THE GUARDIAN: HOW GREECE IS BEATING CORONAVIRUS DESPITE A DECADE OF DEBT
The health ministry’s daily coronavirus briefing then begins with Sotiris Tsiodras, a soft-spoken Harvard-trained professor of infectious diseases, delivering the latest facts and figures with the occasional emotional plea. Nikos Hardalias, the civil defense minister, invariably follows, invoking the gravity of the situation with warnings that Greeks “must stay at home”.
Greece, it is generally agreed, is having a better crisis than may have been expected. Tsiodras recently allowed himself to speak of “a flattening of the curve” even if authorities accept that the prospect of Orthodox Easter, on 19 April, is unlikely to be without challenge. Traditionally, Greeks flock to ancestral villages in the countryside to celebrate the biggest festival in their religious calendar.
The country’s ability to cope with a public health emergency of such proportions was not a given. After almost a decade embroiled in debt crisis – years in which its economy contracted by 26% – Greece’s health system has far from recovered.
Mentis sits on the scientific committee that advises the centre-right government on the deadly disease. What is increasingly being seen as textbook crisis management, even by political foes, has been attributed as much to prioritising science over politics as to a managerial approach that focused on what the 51-year-old Prime Minister, Kyriakos Mitsotakis, has described as “state-sensitivity, co-ordination, resolve and swiftness”.
In late February, before Greece had recorded its first death, carnival parades were cancelled. On 10 March, before much of Europe, schools were ordered closed. Within days, bars, cafes, restaurants, nightclubs, gyms, malls, cinemas, retail stores, museums and archaeological sites were also shuttered.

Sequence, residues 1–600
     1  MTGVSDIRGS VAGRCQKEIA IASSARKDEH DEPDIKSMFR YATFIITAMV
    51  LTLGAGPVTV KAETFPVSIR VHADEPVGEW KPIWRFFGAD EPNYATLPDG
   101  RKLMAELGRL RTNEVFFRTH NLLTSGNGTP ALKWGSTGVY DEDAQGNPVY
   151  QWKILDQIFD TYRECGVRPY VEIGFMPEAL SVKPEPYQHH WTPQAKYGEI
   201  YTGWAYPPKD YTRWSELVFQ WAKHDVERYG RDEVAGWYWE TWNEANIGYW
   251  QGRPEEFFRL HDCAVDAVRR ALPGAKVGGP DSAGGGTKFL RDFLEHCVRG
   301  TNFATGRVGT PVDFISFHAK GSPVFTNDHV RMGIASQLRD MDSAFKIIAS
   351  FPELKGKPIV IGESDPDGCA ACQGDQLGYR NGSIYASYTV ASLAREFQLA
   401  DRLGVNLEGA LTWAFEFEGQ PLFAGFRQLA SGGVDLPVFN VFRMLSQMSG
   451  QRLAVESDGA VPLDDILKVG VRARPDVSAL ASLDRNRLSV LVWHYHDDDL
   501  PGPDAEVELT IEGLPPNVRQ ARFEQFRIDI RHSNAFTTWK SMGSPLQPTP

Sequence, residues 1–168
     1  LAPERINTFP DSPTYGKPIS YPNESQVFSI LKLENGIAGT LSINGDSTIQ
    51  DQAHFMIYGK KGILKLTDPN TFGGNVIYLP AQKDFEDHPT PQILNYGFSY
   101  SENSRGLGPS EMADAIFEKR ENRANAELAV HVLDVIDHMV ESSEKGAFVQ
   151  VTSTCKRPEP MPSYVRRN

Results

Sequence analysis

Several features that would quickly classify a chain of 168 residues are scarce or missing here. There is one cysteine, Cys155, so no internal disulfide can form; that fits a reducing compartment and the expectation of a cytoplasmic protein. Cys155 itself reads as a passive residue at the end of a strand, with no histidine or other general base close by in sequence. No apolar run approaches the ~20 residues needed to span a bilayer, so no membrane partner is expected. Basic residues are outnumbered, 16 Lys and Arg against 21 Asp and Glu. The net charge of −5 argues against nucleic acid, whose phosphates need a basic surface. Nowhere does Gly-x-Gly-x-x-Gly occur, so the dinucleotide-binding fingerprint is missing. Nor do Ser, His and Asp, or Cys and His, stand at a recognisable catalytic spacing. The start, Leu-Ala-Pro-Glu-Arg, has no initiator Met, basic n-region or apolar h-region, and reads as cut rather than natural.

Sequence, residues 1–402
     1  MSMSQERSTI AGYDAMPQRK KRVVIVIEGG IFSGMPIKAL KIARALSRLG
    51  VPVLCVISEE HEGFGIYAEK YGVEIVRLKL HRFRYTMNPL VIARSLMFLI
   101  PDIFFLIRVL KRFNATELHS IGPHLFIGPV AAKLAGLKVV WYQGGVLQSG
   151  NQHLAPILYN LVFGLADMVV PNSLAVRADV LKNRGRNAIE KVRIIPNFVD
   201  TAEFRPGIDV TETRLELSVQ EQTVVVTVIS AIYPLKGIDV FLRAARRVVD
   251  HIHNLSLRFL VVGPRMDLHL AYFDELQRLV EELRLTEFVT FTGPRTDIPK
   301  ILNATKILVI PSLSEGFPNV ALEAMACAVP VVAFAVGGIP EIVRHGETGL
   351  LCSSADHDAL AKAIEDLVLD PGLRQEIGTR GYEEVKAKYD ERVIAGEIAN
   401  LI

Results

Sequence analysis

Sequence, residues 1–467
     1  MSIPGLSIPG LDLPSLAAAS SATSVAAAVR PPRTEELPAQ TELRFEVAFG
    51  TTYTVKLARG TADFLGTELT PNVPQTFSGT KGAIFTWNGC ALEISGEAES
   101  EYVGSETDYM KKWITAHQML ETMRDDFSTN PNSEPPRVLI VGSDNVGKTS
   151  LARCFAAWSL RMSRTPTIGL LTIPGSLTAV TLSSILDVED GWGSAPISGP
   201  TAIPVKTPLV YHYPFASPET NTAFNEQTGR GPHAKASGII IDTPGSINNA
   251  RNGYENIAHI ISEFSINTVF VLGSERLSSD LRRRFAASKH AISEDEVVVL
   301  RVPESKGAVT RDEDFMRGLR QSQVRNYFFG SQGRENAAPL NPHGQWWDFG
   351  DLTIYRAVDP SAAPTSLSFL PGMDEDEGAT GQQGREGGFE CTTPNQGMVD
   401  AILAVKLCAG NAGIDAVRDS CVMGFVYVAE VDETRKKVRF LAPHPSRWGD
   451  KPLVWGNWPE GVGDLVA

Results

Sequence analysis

Traumatic scenes in Italy, across the Adriatic, shocked Greeks as much as anyone else and were highlighted by Tsiodras and Hardalias as they tried to ram home the message of the dangers posed by the disease.
“When the pandemic broke, the need to simplify government processes became paramount,” Greece’s minister of digital governance, Kyriakos Pierrakakis, told the Guardian. “One of the first things we did to limit the incentives for people to exit their homes was to enable them to receive prescriptions on their phones. That, alone, has saved 250,000 citizens from making visits to the doctor in the space of 20 days. It has dramatically helped reduce the number of people exiting their home, which can only be a good thing.”
Meanwhile, Greece has managed to almost double the number of ICUs. But doctors say testing, limited with rare exception to hospitals, will need to be much more widespread for confidence to prevail.
The costs to an economy so dependent on tourism are already high – and that is before emergency funding worth €14.5bn (£12.6bn) in state benefits and tax deferrals is taken into account.
For now, however, the government is basking in the limelight of unexpected praise for having flattened the curve.